Your preliminary and advanced positions do not have to be in the same hospital. You may do your internship in south Texas near the Mexican border, and do your Radiology residency in Detroit near the Canadian border. However, you will not be able to go to your advanced Radiology position if you do not secure a preliminary position. You apply for both positions during the same match year but while your internship position will start in July of that year, your radiology position will start one year later (at the end of you internship).

Try to not rely on the Post-Match SOAP (Supplemental Offer and Acceptance Program), also known as “The Scramble”. SOAP starts Monday of Match week (in March) until Thursday of that week and allows applicants who went completely or partially unmatched to apply to unfilled residency positions. At the same time, it allows unfilled residency programs to search for residents. Famously, many general surgery preliminary/internship positions are often available through SOAP. You can find further details in “The Match” section.

Tips and things we wish we would have known:
  • Keep going to IR meetings during the matching season, keep adding to your CV and gently updating programs about your progress.
  • Try to not have gaps in your application. For example: you finished medical school in 2012 and then you have nothing in your CV until 2015. Empty periods do not look good on your application. Try to remain active, doing research, writing abstract and manuscripts, volunteering within societies (US and foreign) and obtain additional certifications.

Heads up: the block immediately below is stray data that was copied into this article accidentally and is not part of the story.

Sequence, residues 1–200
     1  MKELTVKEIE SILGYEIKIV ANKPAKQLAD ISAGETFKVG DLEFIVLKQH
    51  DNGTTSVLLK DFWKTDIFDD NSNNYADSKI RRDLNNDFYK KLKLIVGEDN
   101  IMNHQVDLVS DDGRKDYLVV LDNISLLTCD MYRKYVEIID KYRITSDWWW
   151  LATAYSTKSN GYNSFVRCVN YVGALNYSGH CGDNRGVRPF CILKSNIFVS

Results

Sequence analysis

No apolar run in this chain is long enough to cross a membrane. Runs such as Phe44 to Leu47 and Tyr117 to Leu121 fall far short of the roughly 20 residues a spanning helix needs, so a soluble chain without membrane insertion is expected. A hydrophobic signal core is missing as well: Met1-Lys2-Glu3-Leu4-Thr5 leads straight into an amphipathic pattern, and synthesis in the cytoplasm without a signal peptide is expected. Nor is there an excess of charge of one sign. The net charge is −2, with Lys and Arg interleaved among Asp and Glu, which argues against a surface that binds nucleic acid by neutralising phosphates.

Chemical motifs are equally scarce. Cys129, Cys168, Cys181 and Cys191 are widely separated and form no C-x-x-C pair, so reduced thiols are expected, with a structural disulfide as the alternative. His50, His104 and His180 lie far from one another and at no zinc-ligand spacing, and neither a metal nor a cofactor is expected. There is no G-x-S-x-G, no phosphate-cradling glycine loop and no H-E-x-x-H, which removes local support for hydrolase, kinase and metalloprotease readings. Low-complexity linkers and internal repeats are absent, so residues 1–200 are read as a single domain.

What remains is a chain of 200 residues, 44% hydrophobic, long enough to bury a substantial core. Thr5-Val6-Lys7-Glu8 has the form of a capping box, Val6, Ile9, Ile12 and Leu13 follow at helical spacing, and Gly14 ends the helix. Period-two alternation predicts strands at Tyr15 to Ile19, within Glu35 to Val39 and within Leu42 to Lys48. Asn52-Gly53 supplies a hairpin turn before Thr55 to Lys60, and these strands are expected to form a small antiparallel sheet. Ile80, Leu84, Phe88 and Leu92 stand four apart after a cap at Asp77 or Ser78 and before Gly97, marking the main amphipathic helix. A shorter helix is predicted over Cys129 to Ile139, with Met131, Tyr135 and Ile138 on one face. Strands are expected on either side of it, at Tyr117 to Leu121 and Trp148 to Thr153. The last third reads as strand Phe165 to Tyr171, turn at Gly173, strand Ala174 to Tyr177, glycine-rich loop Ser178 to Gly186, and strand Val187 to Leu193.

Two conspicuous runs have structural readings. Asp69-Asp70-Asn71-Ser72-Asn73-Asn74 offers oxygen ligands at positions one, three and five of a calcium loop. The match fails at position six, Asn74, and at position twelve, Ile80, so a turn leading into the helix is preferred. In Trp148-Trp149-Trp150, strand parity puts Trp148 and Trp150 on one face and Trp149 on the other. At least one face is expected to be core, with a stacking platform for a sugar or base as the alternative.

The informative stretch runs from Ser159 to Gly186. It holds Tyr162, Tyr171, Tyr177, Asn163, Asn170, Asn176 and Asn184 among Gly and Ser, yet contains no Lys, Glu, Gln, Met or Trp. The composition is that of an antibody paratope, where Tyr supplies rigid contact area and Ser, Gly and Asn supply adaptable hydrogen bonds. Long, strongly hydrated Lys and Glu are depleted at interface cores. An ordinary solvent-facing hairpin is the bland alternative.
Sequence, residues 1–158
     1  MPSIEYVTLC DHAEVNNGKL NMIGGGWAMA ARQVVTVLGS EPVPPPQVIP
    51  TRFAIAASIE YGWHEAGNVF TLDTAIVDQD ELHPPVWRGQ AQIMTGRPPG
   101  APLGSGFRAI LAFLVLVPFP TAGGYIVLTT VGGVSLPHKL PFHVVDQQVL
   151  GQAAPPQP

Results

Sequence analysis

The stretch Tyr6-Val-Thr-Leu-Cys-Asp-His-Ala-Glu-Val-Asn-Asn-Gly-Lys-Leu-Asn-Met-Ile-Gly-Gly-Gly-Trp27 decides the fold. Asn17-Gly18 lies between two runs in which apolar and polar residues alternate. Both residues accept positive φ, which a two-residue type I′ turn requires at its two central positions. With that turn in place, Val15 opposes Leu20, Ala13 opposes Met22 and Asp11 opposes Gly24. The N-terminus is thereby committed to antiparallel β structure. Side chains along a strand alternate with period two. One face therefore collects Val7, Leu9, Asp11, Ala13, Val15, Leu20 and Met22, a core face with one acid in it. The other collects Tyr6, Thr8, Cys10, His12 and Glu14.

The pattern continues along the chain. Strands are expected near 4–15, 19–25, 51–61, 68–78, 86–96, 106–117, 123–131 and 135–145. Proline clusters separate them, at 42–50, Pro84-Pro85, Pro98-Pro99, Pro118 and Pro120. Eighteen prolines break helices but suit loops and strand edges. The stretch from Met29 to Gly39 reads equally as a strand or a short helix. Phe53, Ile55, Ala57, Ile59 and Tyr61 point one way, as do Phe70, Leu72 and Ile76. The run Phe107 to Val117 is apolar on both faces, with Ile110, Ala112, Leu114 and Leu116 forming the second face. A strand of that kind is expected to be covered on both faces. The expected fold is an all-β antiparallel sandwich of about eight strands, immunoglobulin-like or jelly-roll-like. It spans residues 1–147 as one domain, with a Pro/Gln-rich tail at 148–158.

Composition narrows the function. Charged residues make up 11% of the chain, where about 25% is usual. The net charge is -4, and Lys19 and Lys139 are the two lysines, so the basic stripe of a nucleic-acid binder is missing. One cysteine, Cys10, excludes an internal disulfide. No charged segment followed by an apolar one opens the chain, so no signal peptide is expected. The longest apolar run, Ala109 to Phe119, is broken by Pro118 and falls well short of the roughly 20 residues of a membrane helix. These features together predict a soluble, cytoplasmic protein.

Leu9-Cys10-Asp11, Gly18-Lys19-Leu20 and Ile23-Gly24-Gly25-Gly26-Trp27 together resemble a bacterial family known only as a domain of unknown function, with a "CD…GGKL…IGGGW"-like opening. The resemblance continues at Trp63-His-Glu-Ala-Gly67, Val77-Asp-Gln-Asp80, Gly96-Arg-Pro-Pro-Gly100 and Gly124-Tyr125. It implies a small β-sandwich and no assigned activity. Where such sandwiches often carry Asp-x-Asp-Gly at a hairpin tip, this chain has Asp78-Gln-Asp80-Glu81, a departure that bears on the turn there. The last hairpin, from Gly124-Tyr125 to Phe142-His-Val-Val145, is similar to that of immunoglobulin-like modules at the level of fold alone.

• Reach out to internal medicine or general surgery program directors even when you are rotating in Radiology. It will help you to make connections based on what kind of internship you plan on applying to. The most important thing you can do is getting people to know you and trying to not just be “another application”.
  • During your journey on the match, you are certainly going to meet many professional, doctors and medical students. The program coordinators can be your best friend or worst enemy - always be kind. Keep in touch and establish good rapport with everybody.
  • Your home school grades do not matter that much!
  • Apply to as many programs as you can - don’t cut expenses on the application fee. Don’t shy away from applying to famous institutions even if you think that you don’t have a chance. You never know.